Passion for a healthy life
Bridgetown GP Dr Sarah Youngson is celebrating her eighth year in town and is proud of the work that Blackwood Youth Action — a group that she helped found — has done over that time.
Her idea to establish the group came when she compared the difference between her previous home city of Mandurah and Bridgetown, her new home.
“I’d been working in a youth drop-in centre in Mandurah for quite a few years and I’d really loved that work and I could see the need for dedicated youth services in communities and when I came here I felt like that was a little bit of a gap,” Sarah said.
“So I called a meeting with a group of people that I knew were interested in youth and mental health and we had this lovely little get together and from there the group sort of grew.
“We’ve still got some of those original members in Blackwood Youth Action.”
One of the Sarah’s key philosophies about the delivery of youth services is collaboration between the different support services available, a strategy that she refers to as a wrap-around approach.
“For me seeing the impact of that type of wrap-around support for a young person and that teamwork where you support a young person, not just one person but everyone together in the community doing it, I just felt so excited that in Bridgetown that was already happening we just needed to, I guess, create a structure around it and that would allow us opportunities to grow that.”
Some of Sarah’s proudest achievements are little anecdotes of the improvements that Blackwood Youth Action has helped their young charges with.
“We used to have a group that was called the quiet group, because the kids in there were quite shy and now it’s the noisiest group ever and they are really engaged and socialising,” she said.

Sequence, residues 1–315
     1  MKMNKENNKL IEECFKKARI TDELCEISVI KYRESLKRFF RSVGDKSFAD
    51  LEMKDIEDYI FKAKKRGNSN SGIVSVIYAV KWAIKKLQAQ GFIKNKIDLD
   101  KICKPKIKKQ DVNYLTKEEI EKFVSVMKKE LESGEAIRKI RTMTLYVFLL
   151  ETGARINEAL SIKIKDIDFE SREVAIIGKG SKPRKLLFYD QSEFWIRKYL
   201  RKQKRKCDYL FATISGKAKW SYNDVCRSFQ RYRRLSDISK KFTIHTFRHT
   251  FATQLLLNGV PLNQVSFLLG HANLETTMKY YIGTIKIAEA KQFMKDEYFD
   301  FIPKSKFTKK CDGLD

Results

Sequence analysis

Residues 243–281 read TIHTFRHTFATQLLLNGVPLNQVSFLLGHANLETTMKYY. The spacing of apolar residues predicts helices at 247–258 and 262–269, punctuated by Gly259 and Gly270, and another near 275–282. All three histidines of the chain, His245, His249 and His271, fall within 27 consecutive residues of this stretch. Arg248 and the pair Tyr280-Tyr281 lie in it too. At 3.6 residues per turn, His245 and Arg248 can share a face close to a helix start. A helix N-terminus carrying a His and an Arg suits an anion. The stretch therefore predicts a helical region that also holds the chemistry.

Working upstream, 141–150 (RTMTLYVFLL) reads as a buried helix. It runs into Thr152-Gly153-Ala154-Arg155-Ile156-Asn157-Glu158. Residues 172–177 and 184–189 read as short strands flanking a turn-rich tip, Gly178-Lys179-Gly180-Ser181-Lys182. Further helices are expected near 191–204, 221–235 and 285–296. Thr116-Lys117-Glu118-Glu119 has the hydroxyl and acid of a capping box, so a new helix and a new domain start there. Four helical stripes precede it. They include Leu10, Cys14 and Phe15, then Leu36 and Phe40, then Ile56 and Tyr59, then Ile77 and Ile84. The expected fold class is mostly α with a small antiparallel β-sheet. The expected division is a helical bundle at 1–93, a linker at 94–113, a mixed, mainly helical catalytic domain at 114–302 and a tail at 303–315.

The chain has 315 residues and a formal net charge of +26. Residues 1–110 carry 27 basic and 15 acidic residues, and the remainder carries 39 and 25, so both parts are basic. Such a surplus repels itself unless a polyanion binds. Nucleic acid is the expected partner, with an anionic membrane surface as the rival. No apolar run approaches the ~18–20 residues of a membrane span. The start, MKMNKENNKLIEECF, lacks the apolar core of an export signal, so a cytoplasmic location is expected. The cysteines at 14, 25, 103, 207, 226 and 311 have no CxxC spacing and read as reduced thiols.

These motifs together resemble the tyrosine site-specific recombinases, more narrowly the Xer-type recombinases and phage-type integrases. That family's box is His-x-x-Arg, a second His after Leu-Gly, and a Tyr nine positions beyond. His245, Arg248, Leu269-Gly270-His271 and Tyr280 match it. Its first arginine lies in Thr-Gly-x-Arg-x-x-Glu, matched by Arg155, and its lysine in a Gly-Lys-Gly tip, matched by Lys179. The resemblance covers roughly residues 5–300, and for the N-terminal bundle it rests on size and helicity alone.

“Those are all the little anecdotes that make you, and all of us at Blackwood Youth Action feel really excited and like we are making a difference, to see those little changes in people.”
While not involved in all things mental health, Sarah is the self-appointed manager to her two musician children, Charlie and Olivia, who played at last weekend’s Blackwood Rhapsody concert.
Sarah also says she practises what she preaches when it comes to exercise, and will be participating in the Rotary Tour of the Blackwood, taking on the 65km half course.
She is on the organising committee for the event and the funds raised from the tour go directly to Blackwood Youth Action.
Ensuring that there is a next generation of rural doctors is also high on the priority list for Sarah and she has taken a job with UWA’s rural clinical school, a program which sees young doctors placed in rural areas for training.
“I’m the lead medical co-ordinator of that group, and we’ve got these four gorgeous enthusiastic young training doctors down here for the year,” she said.
“That’s another hat that I wear in the community, running that program and working alongside the other doctors that are training our medical students and hopefully getting them to come back and sit in this chair when I retire.”
Sarah said she was grateful for the opportunity to be a rural doctor.
“The work is amazingly interesting and rewarding and as I said, a really huge privilege so I feel really lucky, I love my job.”
She is not shy of her love of Bridgetown either.
“Oh my gosh, I love Bridgetown, we are not going anywhere,” she said. “We think it’s the most beautiful place, both aesthetically and from its soul, it’s got a beautiful soul.”
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